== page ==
Page:Manhattan Transfer (John Dos Passos, 1925).djvu/299

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Rejoicing City That Dwelt Carelessly


a laugh. "I guess I'll be a goddam thermometer by the time you're through with me." The doctor laughed creakily. "Full up of arsenic and mercury eh. . . . That's it."

The wind was blowing up colder. His teeth were chattering. Through the rasping castiron night he walked home. Fool to pass out that way when he stuck me. He could still feel the sickening lunge of the needle. He gritted his teeth. After this I got to have some luck. . . . I got to have some luck.

Two stout men and a lean man sit at a table by a window. The light of a zinc sky catches brightedged glints off glasses, silverware, oystershells, eyes, George Baldwin has his back to the window. Gus McNiel sits on his right, and Densch on his left. When the waiter leans over to take away the empty oystershells he can see through the window, beyond the graystone parapet, the tops of a few buildings jutting like the last trees at the edge of a cliff and the tinfoil reaches of the harbor littered with ships. "I'm lecturin you this time, George. . . . Lord knows you used to lecture me enough in the old days. Honest it's rank foolishness," Gus McNiel is saying. ". . . It's rank foolishness to pass up the chance of a political career at your time of life. . . . There's no man in New York better fitted to hold office . . ."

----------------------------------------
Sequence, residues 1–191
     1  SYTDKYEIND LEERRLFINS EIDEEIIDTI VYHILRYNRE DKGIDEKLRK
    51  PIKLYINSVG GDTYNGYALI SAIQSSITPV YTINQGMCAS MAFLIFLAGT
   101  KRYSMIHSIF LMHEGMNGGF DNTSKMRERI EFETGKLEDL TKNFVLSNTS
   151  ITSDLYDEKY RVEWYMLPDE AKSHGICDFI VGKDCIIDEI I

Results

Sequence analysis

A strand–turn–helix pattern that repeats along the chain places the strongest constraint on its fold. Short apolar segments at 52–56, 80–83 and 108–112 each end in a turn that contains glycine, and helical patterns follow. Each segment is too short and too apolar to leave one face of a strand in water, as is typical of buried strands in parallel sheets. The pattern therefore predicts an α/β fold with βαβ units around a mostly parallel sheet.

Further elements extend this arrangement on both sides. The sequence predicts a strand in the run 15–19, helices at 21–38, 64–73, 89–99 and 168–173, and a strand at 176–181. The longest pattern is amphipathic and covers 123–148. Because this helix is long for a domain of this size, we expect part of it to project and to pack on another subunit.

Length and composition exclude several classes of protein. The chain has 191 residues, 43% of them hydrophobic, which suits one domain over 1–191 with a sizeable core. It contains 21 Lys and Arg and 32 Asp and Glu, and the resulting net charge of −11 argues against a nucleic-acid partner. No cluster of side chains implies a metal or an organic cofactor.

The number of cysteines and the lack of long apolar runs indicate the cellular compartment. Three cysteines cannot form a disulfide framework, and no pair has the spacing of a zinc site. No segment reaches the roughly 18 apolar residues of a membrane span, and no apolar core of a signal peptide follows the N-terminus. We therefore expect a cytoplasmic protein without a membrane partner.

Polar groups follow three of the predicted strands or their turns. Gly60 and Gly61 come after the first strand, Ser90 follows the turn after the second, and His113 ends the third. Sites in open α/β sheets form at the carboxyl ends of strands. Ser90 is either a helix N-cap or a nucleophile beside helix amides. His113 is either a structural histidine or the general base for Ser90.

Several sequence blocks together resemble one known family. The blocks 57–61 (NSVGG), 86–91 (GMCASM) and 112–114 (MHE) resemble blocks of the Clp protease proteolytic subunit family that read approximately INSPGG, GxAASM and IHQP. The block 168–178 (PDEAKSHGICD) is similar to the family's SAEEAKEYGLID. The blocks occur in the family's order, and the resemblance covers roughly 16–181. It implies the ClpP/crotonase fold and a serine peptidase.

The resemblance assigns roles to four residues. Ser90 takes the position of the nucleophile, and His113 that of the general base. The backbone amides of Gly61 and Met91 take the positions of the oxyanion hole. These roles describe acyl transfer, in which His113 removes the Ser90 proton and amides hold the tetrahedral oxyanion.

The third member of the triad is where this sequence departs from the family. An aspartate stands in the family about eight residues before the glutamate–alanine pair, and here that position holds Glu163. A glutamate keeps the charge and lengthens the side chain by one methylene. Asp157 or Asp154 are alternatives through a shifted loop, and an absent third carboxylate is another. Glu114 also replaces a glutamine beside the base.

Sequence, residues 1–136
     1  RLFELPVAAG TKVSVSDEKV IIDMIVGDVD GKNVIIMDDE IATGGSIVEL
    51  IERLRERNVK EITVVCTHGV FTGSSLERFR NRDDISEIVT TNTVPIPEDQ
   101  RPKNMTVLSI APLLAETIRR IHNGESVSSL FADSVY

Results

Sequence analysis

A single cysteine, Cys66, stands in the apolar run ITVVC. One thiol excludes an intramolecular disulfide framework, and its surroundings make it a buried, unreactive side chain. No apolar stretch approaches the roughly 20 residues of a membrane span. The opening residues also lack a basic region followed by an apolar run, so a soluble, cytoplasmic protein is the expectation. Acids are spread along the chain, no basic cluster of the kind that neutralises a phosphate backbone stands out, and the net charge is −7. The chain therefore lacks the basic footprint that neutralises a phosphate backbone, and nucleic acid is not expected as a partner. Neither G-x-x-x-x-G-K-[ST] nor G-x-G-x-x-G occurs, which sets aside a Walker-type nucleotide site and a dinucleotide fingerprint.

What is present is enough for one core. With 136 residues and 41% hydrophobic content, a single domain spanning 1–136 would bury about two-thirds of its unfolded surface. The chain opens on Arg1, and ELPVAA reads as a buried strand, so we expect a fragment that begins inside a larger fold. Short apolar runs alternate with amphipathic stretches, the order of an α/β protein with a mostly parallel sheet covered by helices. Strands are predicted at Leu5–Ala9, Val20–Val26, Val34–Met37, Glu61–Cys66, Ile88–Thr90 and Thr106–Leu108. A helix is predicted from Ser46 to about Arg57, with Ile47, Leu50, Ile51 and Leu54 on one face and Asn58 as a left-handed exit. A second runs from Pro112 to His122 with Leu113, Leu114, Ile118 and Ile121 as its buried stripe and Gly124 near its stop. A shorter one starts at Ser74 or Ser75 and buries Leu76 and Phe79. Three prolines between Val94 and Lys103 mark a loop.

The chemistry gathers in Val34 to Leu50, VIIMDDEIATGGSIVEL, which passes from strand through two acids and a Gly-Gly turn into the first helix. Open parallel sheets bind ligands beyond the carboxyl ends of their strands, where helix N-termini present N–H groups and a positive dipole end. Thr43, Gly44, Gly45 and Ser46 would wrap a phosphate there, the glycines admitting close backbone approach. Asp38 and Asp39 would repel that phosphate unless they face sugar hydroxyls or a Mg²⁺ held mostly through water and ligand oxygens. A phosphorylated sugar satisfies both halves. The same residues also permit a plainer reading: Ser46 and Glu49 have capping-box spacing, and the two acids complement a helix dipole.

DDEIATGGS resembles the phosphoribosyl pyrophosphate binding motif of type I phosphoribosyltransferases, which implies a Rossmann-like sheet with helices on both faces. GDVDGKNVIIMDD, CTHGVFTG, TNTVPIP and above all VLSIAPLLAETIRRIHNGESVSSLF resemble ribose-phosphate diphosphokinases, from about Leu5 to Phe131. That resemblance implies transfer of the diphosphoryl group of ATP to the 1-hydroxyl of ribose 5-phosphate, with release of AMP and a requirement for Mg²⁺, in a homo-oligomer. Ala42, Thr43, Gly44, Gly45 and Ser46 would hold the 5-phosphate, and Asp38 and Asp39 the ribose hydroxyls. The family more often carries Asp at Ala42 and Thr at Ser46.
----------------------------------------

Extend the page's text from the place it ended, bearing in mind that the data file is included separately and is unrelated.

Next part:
"Looks to me as if it were your duty, Baldwin," says Densch in a deep voice, taking his tortoiseshell glasses out of a case and applying them hurriedly to his nose.

The waiter has brought a large planked steak surrounded by bulwarks of mushrooms and chopped carrots and peas and frilled browned mashed potatoes. Densch straightens his glasses and stares attentively at the planked steak.

"A very handsome dish Ben, a very handsome dish I must say. . . . It's just this Baldwin . . . as I look at it . . . the country is going through a dangerous period of